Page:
Backstage with five films to watch out for from the Toronto International Film Festival


Streets are closed, huge queues regularly form at Downtown cinemas and people are also lining up to take selfies in front of a huge orange TIFF sign – the Toronto International Film Festival is back.

After a couple of years of somewhat reduced service thanks to the coronavirus outbreak, this year’s event promises to be a celebration of films and film making, as the industry attempts to put the pandemic behind and focus on presenting stories to audiences, with TIFF CEO Cameron Bailey describing the watered down festivals as “two long years without the energy we love about TIFF”.

So it’s back to being business as usual, and as plenty of films receive their very first screenings here, much is made of audience reactions.

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For many, this is where their awards campaigns really start – as studio bosses, stars, and filmmakers gauge the impact of their work for the first time.

Indeed, the last five winners of the festival’s People’s Choice award have gone on to win Oscars – Belfast, Nomadland, Jojo Rabbit, Green Book and Three Billboards Outside Ebbing Missouri.

It seems audiences here know how to pick a winner, and with a real mix of critics, industry figures and members of the public, Toronto is seen as one of the most accessible festivals when it comes to giving film fans who aren’t in the business a sneak peek of the most exciting films from the next few months.

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With 260 feature films showing, we can’t highlight all of those which ones will soar in to awards winners, critical darlings or box office hits, but here are five movies showing at the festival this year that you’ll almost certainly be hearing about in the months to come.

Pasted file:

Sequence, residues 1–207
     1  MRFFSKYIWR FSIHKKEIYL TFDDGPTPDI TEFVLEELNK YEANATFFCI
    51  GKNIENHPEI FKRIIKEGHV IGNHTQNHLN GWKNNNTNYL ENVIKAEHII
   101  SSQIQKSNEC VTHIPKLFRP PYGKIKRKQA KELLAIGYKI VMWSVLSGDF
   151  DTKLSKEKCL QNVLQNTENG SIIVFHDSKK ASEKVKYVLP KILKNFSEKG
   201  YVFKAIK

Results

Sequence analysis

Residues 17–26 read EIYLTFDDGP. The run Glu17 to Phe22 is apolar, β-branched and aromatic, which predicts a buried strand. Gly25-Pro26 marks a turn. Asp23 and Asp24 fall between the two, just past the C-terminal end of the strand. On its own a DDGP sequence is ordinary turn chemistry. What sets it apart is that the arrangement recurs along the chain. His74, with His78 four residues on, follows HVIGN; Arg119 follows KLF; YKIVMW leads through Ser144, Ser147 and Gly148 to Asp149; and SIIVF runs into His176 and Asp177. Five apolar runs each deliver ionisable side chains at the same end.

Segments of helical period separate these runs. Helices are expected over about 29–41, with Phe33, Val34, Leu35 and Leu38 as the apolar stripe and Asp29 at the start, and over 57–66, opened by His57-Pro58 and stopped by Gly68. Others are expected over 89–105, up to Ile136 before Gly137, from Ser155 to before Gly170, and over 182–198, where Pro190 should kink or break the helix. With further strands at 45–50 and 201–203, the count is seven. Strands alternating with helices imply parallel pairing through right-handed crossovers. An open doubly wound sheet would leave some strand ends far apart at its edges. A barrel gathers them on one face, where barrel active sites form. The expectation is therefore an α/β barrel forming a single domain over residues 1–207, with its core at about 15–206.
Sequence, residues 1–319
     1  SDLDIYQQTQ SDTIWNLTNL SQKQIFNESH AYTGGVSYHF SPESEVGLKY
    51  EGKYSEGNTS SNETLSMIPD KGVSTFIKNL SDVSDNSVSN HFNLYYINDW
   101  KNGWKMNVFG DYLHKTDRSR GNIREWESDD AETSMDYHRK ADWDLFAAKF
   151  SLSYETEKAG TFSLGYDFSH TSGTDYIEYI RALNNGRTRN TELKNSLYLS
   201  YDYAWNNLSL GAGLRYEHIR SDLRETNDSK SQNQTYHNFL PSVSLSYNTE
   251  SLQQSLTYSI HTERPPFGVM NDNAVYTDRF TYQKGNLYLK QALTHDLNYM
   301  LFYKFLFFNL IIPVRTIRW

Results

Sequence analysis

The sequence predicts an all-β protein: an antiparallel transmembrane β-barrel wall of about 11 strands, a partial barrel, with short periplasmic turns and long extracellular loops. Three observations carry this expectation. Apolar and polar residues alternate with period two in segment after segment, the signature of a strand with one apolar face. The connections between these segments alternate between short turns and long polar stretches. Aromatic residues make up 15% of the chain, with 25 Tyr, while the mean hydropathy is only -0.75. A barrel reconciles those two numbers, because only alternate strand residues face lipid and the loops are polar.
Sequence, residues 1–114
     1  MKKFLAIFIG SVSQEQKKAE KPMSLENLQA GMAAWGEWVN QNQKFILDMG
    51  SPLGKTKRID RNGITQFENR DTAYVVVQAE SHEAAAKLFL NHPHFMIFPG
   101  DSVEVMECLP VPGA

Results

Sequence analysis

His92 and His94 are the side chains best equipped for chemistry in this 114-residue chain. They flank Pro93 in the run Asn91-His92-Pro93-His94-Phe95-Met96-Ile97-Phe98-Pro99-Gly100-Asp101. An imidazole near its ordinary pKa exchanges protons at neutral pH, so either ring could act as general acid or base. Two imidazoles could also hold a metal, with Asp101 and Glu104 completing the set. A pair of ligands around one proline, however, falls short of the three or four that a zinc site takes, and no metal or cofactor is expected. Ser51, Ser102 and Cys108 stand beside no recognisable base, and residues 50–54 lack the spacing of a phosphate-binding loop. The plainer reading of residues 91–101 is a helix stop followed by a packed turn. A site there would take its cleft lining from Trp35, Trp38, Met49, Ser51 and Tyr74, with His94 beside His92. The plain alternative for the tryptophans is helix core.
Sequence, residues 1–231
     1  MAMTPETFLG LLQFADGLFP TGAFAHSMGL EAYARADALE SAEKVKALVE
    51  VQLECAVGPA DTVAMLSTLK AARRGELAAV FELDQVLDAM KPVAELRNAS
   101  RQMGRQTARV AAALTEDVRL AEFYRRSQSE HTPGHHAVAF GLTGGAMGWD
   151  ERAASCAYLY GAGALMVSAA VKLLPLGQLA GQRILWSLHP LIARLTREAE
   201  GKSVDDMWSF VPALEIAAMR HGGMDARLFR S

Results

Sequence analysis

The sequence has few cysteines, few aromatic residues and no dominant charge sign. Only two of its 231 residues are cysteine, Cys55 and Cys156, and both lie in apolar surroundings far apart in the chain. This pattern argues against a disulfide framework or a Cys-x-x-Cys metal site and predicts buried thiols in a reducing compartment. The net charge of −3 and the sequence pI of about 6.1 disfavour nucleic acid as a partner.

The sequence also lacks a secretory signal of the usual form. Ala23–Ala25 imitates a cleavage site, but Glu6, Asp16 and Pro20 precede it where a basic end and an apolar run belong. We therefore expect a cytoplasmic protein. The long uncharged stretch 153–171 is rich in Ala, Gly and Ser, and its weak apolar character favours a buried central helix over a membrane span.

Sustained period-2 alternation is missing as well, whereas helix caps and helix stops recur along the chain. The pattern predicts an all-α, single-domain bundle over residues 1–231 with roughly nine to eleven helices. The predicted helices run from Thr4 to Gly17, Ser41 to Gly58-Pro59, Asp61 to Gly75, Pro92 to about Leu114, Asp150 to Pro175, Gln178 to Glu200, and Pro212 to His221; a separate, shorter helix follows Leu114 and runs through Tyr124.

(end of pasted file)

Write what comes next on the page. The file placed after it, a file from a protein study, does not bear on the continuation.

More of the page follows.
The first gay romantic-comedy to come from a major studio, Bros is written by, exec-produced, and stars Billy Eichner, and is co-written and directed by Nick Stoller, who is known for feel-good films including Forgetting Sarah Marshall.

It features an almost entirely LGBTQ+ cast – a historical moment for the community and for cinema, this gets its world premiere at TIFF.

Billy Eichner in Bros. Pic: TIFF
Billy Eichner in Bros. Pic: TIFF

The Woman King

This historical drama set in the 19th century about an all-female warrior unit who protect the West African kingdom of Dahomey stars Viola Davis as a general who trains warriors to fight against an enemy who wants to destroy their way of life.

The cast also includes Thuso Mbedu, Lashana Lynch, Sheila Atim, and John Boyega, and will also get it’s world premiere at the festival.

Viola Davis leads the cast of The Woman King. Pic: TIFF
Viola Davis leads the cast of The Woman King. Pic: TIFF

The Fabelmans

Steven Spielberg is the latest director to make a semi-autobiographical movie – this time a coming of age tale about a young, aspiring film-maker. The Fabelmans stars Michelle Williams, Paul Dano and Gabriel LaBelle as the lead.

Spielberg not only directs, but also wrote this with his West Side Story collaborator Tony Kushner. This isn’t showing at any of the other big autumn festivals and is arguably the buzziest film at Toronto this year.

FILE - Director Steven Spielberg poses for photographers upon arrival at the premiere of the film "The Post" in London, Wednesday, Jan. 10, 2018. Spielberg is bringing his highly personal film ...The Fabelmans...  to the Toronto International Film Festival this fall, organizers said Friday, July 22, 2022. (Photo by Joel C Ryan/Invision/AP, File).
Pic: AP

The Whale

Darren Aronofsky’s film about an extremely obese man has already premiered at Venice, where it saw a six-minute standing ovation for star Brendan Fraser.

While reviews for the film itself were mixed, Fraser’s awards campaign looks to be underway and will be given a boost when he receives the Tribute Award for Performance at in Toronto.

Brendan Fraser in The Whale. Pic: TIFF
Brendan Fraser in The Whale. Pic: TIFF

Weird: The Weird Al Yankovic Story

Admittedly, this might not be one we’re talking about come awards season, but there’s something irresistible about the idea of Daniel Radcliffe playing parody music star Al Yankovic.

Radcliffe has a reputation for taking on projects that are fun or interesting, and this is a satirical look at Weird Al’s life which promises to raise a smile.

Daniel Radcliffe, left, and "Weird Al" Yankovic pose at the premiere for "Weird: The Al Yankovic Story" on Day 1 of the Toronto International Film Festival at Royal Alexandra Theatre on Thursday, Sept. 8, 2022, in Toronto. (Photo by Evan Agostini/Invision/AP)
Daniel Radcliffe and ‘Weird Al’ Yankovic at the Weird premiere. Pic: AP

Hear more from Toronto International Film Festival on the latest episode of Backstage – the film and TV podcast from Sky News.

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